Gules, (fr. gueules): the heraldic name of the tincture red. The term is probably derived from the Arabic gule, a red rose, just as the azure was derived from a word in the same language, signifying a blue stone. The word was, not doubt, introduced by the Crusaders. Heralds have, however, guessed it to be derived from the Latin gula, which in old French is found as gueule, i.e. the "red throat of an animal." Others, again, have tried to find the origin in the Hebrew word gulade, which signifies red cloth. Gules is denoted in engravings by numerous perpendicular lines. Heralds was blazoned by planets and jewels called it Mars, and Ruby.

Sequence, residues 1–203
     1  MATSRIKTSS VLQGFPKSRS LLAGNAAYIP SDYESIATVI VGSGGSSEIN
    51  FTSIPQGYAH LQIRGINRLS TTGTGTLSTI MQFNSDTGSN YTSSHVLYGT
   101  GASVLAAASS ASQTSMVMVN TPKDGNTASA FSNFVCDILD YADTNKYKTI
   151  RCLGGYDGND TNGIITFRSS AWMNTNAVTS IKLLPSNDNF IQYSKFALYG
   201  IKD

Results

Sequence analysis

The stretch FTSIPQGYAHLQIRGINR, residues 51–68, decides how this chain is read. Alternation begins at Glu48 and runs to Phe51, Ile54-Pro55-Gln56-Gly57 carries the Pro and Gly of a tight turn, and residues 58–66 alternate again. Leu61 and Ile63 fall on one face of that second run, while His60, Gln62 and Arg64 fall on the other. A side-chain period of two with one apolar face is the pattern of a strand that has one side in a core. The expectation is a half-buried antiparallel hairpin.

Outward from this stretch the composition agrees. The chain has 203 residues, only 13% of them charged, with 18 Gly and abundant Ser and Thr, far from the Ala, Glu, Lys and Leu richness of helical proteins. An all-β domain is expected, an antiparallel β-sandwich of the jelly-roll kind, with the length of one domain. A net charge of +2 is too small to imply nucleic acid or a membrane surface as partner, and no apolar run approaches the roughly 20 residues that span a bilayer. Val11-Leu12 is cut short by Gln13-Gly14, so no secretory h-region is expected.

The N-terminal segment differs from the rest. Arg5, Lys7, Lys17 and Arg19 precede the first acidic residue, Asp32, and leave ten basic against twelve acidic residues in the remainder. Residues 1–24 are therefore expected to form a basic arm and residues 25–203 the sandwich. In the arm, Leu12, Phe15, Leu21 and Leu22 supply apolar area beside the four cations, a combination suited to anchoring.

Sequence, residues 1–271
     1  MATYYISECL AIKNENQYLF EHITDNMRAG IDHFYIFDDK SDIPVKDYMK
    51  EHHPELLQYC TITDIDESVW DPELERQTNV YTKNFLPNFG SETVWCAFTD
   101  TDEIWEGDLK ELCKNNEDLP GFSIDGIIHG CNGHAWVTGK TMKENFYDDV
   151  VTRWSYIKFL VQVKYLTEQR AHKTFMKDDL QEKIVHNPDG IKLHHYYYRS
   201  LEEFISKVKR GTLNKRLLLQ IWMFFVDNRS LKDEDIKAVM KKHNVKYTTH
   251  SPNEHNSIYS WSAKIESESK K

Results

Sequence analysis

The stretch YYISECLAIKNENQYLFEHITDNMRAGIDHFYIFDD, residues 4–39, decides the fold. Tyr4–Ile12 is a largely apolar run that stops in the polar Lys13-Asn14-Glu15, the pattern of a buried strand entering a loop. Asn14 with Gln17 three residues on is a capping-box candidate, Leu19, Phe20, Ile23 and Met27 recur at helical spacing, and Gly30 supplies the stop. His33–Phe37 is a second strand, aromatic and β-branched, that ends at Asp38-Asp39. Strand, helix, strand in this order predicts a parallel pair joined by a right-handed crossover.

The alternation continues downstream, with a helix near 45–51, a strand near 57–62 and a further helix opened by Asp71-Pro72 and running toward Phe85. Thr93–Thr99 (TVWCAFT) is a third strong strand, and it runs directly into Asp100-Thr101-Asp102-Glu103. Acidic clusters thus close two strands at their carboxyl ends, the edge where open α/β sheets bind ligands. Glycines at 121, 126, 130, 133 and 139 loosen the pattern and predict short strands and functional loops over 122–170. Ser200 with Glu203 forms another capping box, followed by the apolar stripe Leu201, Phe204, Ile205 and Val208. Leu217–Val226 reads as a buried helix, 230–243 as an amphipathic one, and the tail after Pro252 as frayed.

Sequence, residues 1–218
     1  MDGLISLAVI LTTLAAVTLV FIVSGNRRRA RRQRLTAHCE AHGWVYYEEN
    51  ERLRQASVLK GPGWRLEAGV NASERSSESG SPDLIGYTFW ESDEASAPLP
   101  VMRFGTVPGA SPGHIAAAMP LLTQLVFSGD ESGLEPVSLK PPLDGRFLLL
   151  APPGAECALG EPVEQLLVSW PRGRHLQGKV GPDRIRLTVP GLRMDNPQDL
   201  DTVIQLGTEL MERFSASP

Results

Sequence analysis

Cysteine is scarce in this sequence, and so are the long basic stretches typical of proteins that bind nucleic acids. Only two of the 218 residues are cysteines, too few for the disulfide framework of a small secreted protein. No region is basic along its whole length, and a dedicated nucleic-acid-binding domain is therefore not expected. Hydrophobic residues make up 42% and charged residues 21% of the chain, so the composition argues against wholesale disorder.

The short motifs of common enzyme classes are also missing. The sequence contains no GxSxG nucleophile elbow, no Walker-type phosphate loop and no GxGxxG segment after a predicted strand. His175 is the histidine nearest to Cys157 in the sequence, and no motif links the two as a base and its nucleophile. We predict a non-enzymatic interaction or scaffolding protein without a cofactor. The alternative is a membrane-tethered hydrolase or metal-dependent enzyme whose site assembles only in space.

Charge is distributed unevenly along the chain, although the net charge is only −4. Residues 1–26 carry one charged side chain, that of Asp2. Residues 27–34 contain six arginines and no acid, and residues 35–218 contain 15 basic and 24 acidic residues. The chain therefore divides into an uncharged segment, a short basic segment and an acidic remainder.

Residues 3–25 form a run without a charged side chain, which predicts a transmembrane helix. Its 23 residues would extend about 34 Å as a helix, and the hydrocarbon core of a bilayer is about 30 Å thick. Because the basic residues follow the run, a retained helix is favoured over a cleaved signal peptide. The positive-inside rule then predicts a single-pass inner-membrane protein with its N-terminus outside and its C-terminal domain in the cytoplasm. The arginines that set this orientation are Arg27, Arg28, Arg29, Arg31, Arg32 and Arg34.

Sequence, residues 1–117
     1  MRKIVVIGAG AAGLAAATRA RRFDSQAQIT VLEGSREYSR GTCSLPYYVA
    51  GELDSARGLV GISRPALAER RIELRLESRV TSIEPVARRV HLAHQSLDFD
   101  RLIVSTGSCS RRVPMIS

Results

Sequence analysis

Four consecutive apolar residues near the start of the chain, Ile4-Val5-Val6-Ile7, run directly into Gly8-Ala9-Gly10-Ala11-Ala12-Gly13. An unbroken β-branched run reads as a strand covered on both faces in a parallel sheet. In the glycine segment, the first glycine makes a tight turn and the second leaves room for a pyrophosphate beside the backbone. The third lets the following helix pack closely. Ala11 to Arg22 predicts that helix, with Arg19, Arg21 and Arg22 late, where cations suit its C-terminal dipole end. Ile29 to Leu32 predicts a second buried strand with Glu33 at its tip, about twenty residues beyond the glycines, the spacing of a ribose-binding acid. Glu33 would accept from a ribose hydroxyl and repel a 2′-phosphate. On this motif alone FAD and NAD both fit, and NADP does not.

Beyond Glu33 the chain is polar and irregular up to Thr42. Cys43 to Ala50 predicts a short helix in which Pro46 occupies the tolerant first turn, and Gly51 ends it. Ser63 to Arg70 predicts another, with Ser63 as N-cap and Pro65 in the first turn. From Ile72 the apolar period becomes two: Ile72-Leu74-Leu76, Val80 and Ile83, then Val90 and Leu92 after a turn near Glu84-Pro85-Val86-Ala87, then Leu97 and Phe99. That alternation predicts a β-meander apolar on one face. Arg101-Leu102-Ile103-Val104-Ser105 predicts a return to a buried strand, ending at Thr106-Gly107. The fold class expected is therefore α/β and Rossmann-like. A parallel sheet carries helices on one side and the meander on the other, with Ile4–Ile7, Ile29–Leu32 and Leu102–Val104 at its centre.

The name variously spelt goules, goulez, goulz, gowlys, occurs frequently in ancient rolls of arms, as will have been observed by the examples given throughout the Glossary.
"Mes Eumenions de la BRETTE La baner ot tout rougette." Siege of Carlaverock.